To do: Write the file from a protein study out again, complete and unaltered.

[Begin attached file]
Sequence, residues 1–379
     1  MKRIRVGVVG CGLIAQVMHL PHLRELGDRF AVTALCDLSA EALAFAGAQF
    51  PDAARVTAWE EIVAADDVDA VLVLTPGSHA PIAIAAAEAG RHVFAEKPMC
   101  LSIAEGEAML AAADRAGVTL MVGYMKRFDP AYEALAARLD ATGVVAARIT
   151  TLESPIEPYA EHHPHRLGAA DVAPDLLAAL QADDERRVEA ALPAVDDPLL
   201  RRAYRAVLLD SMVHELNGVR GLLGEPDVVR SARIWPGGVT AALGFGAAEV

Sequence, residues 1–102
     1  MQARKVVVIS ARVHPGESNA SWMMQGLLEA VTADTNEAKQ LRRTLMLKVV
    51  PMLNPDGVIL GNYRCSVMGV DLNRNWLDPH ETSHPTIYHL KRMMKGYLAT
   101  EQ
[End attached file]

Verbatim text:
Sequence, residues 1–379
     1  MKRIRVGVVG CGLIAQVMHL PHLRELGDRF AVTALCDLSA EALAFAGAQF
    51  PDAARVTAWE EIVAADDVDA VLVLTPGSHA PIAIAAAEAG RHVFAEKPMC
   101  LSIAEGEAML AAADRAGVTL MVGYMKRFDP AYEALAARLD ATGVVAARIT
   151  TLESPIEPYA EHHPHRLGAA DVAPDLLAAL QADDERRVEA ALPAVDDPLL
   201  RRAYRAVLLD SMVHELNGVR GLLGEPDVVR SARIWPGGVT AALGFGAAEV

Sequence, residues 1–102
     1  MQARKVVVIS ARVHPGESNA SWMMQGLLEA VTADTNEAKQ LRRTLMLKVV
    51  PMLNPDGVIL GNYRCSVMGV DLNRNWLDPH ETSHPTIYHL KRMMKGYLAT
   101  EQ